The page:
The Supreme Court may have approved the GHG pricing act but leaves to politicians to decide the best approach, writes Jack Mintz in the Financial Post. Below is an excerpt from the article, which can be read in full here.
By Jack Mintz, March 25, 2021
Now that the Supreme Court of Canada has provided clarity on the Greenhouse Gas Pollution Pricing Act, it is time for the provinces using the federal backstop to move on with their own pricing schemes. The most important goal is to maintain as much independence as possible for the province to develop its industrial structure.
The Supreme Court decision, supported by six of the nine judges, argues that carbon tax legislation is consistent with the federal government’s power over “peace, order and good government.” The majority argued that the pricing scheme as structured is not a tax, but a regulatory system. Greenhouse gas emissions are a concern going beyond provincial borders, (which I might add also goes beyond Canadian borders), thereby requiring national standards.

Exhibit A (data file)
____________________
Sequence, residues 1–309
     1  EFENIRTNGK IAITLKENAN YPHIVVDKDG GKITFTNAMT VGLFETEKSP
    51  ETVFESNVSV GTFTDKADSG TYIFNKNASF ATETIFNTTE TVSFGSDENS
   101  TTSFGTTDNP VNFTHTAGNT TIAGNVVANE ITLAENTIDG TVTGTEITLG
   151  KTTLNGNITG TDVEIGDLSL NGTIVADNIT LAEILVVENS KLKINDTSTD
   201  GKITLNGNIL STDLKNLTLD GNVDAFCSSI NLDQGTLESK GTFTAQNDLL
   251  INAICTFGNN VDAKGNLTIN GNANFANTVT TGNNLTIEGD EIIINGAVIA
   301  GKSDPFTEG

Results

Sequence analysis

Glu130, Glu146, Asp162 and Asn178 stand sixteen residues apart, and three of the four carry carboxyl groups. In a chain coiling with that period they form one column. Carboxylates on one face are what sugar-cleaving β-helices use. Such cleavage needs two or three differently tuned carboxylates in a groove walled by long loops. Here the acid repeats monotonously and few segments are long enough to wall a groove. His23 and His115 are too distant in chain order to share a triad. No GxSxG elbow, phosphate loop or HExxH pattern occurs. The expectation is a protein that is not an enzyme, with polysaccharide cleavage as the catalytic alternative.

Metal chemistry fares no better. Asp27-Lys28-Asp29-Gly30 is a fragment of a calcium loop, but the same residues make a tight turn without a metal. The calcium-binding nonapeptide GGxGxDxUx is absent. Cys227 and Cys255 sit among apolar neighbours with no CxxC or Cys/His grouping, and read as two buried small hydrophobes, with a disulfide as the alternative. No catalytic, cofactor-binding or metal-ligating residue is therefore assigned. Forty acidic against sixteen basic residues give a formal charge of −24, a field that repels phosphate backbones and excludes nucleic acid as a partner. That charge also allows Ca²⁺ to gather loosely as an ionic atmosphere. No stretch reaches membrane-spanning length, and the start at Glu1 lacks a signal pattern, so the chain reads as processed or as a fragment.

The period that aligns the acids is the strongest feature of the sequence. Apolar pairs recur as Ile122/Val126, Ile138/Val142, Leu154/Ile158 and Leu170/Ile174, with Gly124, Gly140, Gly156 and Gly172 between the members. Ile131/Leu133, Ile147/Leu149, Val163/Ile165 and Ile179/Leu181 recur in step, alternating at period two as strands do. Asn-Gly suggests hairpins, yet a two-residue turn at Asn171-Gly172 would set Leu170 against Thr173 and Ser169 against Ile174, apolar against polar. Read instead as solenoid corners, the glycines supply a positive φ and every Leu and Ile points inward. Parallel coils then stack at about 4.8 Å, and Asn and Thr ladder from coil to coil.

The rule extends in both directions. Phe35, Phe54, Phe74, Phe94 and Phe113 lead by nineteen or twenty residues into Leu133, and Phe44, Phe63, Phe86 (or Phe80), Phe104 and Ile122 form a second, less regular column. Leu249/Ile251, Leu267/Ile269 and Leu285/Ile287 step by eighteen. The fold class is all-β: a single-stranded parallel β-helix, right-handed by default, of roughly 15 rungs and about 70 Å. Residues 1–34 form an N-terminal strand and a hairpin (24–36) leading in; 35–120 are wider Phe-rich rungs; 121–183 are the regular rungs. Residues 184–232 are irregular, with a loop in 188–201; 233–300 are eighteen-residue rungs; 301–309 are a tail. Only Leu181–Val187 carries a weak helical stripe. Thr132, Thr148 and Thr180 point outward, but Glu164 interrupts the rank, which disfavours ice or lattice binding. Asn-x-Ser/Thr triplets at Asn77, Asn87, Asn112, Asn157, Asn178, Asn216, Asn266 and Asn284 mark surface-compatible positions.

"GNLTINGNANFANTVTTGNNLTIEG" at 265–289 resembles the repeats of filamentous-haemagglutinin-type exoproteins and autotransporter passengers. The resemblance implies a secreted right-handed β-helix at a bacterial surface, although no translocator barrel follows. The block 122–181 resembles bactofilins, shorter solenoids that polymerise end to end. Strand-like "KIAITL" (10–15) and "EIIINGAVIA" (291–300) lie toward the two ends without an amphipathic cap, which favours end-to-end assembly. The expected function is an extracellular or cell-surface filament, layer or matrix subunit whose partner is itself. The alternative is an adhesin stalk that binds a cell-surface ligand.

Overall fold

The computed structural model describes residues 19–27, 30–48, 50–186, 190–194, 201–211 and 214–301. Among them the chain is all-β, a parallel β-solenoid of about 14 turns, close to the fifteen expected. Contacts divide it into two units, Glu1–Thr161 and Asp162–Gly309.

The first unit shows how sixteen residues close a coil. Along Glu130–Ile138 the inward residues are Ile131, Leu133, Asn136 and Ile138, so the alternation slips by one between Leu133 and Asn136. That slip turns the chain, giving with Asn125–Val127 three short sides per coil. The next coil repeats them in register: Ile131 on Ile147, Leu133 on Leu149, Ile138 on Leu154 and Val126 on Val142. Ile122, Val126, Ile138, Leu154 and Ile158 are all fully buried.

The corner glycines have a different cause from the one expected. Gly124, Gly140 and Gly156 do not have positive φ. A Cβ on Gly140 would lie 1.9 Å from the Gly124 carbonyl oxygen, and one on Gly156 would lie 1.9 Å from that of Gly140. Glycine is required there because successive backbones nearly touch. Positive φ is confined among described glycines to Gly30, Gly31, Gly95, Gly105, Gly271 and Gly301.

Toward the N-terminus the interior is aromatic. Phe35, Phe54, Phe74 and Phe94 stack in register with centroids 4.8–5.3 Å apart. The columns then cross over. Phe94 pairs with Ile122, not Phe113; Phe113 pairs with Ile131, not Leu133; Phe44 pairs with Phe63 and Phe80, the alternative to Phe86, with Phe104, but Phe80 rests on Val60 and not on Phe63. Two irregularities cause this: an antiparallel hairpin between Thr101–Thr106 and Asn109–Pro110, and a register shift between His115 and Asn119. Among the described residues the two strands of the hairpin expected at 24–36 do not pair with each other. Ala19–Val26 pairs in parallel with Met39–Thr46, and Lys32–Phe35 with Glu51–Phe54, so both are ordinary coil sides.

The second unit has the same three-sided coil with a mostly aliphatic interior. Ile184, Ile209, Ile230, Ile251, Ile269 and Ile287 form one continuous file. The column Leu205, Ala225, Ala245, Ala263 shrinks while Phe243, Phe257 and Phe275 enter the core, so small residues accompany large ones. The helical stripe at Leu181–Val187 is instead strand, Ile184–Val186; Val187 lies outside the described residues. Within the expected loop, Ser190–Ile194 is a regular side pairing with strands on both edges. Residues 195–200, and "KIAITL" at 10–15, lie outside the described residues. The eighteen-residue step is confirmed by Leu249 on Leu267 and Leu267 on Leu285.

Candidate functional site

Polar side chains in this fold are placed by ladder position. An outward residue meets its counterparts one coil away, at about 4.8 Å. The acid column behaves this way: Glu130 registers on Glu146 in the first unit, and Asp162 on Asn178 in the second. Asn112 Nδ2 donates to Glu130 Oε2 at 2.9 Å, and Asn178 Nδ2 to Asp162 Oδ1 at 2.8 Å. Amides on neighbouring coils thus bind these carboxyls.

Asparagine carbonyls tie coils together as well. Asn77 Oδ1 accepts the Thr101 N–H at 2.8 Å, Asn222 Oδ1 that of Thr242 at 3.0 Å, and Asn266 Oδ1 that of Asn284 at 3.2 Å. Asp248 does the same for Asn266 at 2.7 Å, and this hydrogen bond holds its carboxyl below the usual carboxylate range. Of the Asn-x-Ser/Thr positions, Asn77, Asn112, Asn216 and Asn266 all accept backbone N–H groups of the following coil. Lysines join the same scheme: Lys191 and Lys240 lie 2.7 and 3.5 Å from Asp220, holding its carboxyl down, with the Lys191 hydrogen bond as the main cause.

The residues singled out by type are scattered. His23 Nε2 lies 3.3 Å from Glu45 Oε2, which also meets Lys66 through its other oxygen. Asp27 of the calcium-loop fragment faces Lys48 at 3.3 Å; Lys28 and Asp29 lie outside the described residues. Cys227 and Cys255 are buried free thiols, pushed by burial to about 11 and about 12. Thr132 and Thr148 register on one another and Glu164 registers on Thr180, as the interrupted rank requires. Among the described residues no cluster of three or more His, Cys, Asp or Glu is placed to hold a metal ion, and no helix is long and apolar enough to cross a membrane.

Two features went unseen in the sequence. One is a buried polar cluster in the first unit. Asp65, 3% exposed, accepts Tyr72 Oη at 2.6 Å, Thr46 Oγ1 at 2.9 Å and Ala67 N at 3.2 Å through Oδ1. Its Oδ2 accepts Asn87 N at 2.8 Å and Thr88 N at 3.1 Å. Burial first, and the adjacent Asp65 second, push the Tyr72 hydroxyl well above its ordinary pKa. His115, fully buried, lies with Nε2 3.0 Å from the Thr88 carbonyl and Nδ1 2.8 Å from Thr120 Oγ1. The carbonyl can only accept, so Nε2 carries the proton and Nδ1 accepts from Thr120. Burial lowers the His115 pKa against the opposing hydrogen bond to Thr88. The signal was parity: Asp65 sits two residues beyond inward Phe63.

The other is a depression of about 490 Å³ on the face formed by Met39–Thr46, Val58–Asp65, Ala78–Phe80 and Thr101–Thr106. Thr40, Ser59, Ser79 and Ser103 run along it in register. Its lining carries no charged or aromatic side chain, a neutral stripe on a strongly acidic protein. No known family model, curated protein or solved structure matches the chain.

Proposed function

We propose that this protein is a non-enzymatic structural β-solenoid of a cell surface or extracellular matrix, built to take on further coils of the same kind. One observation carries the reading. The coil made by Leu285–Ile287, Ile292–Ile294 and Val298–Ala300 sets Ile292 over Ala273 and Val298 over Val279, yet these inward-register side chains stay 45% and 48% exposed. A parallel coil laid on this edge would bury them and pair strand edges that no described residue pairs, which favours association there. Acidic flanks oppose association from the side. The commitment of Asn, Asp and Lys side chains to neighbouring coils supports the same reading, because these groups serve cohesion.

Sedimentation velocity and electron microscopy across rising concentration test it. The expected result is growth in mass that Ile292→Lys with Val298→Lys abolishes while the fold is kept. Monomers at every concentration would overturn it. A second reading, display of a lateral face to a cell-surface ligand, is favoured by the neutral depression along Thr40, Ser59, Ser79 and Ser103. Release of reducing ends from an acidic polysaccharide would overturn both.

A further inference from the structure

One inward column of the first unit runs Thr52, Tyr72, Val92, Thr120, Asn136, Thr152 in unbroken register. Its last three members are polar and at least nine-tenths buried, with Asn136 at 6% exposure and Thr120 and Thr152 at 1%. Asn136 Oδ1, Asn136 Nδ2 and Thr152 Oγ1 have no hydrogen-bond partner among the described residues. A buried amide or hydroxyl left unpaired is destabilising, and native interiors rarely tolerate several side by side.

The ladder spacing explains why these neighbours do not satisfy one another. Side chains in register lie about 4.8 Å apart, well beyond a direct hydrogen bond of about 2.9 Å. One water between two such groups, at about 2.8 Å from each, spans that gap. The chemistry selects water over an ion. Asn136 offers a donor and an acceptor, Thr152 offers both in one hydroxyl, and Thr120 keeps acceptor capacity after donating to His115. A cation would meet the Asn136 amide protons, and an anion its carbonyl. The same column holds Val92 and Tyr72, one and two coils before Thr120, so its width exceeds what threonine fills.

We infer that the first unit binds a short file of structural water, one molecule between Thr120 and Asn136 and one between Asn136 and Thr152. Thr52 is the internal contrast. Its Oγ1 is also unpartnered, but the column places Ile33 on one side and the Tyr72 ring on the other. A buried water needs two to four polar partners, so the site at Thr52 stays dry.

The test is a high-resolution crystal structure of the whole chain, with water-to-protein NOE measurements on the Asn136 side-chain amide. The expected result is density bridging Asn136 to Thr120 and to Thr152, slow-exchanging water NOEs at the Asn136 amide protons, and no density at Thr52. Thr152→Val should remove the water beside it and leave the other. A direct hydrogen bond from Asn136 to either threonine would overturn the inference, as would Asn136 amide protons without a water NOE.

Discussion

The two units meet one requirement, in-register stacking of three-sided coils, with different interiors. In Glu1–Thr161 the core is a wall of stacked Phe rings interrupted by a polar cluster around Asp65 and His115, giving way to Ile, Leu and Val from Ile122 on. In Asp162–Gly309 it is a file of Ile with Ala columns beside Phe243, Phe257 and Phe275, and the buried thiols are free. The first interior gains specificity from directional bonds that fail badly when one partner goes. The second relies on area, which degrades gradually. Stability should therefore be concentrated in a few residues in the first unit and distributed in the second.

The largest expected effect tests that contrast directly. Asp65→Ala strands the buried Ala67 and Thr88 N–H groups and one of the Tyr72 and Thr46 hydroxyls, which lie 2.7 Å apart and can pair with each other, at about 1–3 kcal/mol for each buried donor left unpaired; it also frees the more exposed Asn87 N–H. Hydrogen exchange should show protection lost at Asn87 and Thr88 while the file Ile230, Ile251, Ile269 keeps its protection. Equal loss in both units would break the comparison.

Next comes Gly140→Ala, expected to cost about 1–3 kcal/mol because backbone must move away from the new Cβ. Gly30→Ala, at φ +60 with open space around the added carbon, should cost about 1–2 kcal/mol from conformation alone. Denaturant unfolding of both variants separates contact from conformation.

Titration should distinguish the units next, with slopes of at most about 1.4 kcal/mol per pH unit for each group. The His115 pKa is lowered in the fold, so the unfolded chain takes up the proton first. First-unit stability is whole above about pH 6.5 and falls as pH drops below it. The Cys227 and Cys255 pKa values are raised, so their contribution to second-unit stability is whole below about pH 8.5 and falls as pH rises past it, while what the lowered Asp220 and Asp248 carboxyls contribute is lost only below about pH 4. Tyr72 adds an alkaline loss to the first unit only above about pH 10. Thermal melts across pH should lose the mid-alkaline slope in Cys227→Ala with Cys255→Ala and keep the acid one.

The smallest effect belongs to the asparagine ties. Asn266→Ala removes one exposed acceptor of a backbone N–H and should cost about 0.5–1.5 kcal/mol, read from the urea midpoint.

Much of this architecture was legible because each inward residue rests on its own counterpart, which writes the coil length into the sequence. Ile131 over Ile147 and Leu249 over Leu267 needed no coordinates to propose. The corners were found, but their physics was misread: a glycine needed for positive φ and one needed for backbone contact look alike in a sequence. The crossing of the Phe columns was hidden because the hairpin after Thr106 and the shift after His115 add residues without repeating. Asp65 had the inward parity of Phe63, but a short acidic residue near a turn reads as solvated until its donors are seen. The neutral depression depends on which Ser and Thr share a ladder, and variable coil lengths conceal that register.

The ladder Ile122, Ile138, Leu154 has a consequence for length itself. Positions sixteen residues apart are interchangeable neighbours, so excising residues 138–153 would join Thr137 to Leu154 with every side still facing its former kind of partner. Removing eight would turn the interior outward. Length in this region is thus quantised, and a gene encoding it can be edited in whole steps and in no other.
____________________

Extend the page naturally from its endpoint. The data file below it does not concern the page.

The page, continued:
POGG is a power that could result in significant intrusion by the federal government in provincial industrial policies and control over regulation of resources. The Act enables Canada to comply with its 2015 Paris Agreement but, as the majority notes, “the Act would only apply where provincial or territorial pricing systems are not strict enough to reduce global warming.”
The argument for carbon pricing, which I support, is that markets know best how to reduce the impact of greenhouse gases without onerous government interventions. Pricing is the least costly approach to achieving emission reductions. Revenues should be used to alleviate the impact of the tax on middle- and lower-income Canadians, protect business competitiveness and fund research into carbon-reducing technologies like geothermal energy, battery storage and hydrogen.
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